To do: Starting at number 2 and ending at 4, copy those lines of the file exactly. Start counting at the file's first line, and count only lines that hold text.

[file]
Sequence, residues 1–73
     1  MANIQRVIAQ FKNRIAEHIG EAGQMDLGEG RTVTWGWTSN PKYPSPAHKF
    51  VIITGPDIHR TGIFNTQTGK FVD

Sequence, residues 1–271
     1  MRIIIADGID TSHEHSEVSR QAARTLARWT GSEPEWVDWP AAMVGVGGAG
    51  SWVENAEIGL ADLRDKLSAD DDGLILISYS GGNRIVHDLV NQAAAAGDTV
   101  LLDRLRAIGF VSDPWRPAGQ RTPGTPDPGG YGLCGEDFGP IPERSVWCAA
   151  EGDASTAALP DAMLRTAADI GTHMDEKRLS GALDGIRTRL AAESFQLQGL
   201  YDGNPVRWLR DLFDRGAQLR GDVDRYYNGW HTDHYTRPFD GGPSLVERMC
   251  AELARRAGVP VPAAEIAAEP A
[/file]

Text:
     1  MANIQRVIAQ FKNRIAEHIG EAGQMDLGEG RTVTWGWTSN PKYPSPAHKF
    51  VIITGPDIHR TGIFNTQTGK FVD

Sequence, residues 1–271